David “Mas” Masumoto operates an 80-acre peach, nectarine and grape farm near Fresno. He has written several books about life on a farm and his organic farming techniques are used at farms across the country. Before participating on a panel about the importance of trees in life and art, he took questions in our Green Room.
Q. What would your job be if it wasn’t what you’re doing now?
A. I think it would be taking care of old folks.
Q. What was the last great book that you read?
A. I’m reading it. David Brooks’ new book, The Social Animal. And I love it because he’s a serious columnist and this one talks about emotions and relationships.
Q. What do you wake up to?
A. I wake up to birds singing.
Q. What is your favorite city on Earth?
A. Ironically, Tokyo, one of the biggest cities and here I live on a farm.
Q. What would you eat for your last meal?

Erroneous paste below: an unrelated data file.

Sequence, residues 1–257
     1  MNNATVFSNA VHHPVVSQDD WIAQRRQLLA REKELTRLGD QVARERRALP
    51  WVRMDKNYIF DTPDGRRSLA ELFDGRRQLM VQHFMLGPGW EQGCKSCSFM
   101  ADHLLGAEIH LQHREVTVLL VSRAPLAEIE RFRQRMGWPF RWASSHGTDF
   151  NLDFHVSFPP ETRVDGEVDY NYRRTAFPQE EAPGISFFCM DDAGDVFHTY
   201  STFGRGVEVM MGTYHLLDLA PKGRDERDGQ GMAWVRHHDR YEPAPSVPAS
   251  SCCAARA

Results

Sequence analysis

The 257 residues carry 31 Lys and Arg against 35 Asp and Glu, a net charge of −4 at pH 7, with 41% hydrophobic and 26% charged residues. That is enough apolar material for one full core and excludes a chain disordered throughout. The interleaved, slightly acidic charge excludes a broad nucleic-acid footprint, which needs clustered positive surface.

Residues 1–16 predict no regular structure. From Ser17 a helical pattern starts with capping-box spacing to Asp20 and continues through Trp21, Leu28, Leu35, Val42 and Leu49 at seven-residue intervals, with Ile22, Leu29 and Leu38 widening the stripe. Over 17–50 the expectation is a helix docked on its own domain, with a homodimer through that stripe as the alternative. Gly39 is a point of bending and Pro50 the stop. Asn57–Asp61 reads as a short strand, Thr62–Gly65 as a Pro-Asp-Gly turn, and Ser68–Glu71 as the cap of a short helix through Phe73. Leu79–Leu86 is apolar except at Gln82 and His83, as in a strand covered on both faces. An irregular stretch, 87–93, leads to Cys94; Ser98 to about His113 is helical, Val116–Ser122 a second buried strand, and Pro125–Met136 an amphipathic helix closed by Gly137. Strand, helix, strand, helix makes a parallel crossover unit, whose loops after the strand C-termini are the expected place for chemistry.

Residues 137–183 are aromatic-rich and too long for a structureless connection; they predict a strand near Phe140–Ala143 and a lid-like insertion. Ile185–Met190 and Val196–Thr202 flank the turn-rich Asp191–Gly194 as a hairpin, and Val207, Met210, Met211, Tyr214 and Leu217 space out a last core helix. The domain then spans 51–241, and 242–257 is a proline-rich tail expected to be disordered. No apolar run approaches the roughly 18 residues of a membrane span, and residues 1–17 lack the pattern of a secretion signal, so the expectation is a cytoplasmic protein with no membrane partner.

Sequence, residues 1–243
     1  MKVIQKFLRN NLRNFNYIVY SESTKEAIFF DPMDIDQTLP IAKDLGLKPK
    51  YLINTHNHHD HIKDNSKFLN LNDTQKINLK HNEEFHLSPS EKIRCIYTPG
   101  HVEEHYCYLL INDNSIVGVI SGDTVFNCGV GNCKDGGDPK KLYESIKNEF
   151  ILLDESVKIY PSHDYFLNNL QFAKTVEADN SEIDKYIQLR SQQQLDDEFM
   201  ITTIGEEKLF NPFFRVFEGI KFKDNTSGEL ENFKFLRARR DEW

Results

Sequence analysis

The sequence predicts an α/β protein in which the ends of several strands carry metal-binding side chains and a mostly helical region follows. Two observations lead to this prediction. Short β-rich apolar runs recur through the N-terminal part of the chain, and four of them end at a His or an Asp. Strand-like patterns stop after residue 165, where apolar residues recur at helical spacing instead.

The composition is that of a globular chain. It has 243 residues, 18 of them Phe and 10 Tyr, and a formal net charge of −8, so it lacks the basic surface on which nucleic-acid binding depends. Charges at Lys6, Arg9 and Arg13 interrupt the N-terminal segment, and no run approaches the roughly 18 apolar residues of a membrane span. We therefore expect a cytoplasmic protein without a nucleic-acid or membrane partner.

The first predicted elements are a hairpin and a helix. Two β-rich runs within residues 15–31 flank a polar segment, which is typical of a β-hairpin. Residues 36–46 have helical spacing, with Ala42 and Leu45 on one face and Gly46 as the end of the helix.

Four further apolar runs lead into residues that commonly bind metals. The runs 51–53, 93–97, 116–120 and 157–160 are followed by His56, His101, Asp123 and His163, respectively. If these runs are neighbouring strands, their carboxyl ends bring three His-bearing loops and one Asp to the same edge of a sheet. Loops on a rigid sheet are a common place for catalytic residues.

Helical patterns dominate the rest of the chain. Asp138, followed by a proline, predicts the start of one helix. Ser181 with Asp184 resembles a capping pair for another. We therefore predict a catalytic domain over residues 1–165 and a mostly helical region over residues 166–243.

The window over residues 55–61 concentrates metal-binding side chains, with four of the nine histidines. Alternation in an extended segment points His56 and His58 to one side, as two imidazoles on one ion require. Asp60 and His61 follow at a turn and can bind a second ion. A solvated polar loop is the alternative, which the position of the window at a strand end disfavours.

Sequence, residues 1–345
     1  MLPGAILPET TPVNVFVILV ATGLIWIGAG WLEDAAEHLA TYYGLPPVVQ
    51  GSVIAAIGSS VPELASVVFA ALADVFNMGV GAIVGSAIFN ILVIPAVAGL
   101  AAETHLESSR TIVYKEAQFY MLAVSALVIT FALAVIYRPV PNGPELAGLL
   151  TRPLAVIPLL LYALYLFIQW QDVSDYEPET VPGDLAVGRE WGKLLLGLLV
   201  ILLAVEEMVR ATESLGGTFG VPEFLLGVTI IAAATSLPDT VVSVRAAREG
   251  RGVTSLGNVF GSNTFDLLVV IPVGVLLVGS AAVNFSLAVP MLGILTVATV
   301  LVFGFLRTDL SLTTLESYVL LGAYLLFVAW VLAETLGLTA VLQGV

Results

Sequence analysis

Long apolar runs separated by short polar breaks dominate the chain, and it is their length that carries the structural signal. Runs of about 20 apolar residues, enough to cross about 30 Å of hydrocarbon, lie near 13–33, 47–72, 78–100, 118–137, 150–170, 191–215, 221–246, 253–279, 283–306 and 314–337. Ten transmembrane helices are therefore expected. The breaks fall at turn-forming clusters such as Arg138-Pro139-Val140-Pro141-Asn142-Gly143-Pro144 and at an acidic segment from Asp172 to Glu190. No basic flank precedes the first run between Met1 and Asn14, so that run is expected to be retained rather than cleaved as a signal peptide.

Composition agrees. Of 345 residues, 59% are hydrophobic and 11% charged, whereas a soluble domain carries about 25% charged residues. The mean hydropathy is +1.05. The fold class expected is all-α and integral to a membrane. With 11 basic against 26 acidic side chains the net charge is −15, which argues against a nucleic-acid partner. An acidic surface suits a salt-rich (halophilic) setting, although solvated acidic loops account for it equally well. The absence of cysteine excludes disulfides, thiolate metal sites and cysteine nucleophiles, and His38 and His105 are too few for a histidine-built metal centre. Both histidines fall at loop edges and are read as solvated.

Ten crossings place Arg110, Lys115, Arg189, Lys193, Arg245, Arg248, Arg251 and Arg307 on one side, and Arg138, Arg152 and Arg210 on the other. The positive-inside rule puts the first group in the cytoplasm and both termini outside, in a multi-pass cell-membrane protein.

A. It’d have to be some peaches that we’ve grown.
Q. What is the best piece of advice you ever received?
A. It sounds kind of odd, but it was purge the negatives, particularly friends who are negative.
Q. What surprises you about your life right now?
A. That it just continues to evolve and grow.
Q. Do you have a favorite word?
A. It’s a Japanese word called gaman. It means perseverance, and it’s what’s happening in Japan right now with the earthquake. And it’s the whole theme of farming and working and working and life. You just persevere.
Q. What do you find beautiful?
A. I find beautiful the intersection between the natural world and the human world. And there’s a tension there but I love that.
Q. Where do you go to be alone?
A. I just hide on the farm. I don’t take any electronic equipment out there and for hours I’m disconnected and totally connected at the same time.
To read more about the panel in which Mas participated, click here.
*Photo by Aaron Salcido.